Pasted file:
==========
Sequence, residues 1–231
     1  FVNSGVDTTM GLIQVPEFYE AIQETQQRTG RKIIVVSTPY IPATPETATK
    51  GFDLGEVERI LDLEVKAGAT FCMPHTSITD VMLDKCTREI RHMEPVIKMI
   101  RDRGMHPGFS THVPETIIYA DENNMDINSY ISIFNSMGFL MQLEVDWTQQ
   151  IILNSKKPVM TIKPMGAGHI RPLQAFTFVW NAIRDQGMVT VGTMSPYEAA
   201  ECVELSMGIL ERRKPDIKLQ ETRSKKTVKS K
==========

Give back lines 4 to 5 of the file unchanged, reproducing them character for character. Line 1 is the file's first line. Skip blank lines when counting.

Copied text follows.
   101  RDRGMHPGFS THVPETIIYA DENNMDINSY ISIFNSMGFL MQLEVDWTQQ
   151  IILNSKKPVM TIKPMGAGHI RPLQAFTFVW NAIRDQGMVT VGTMSPYEAA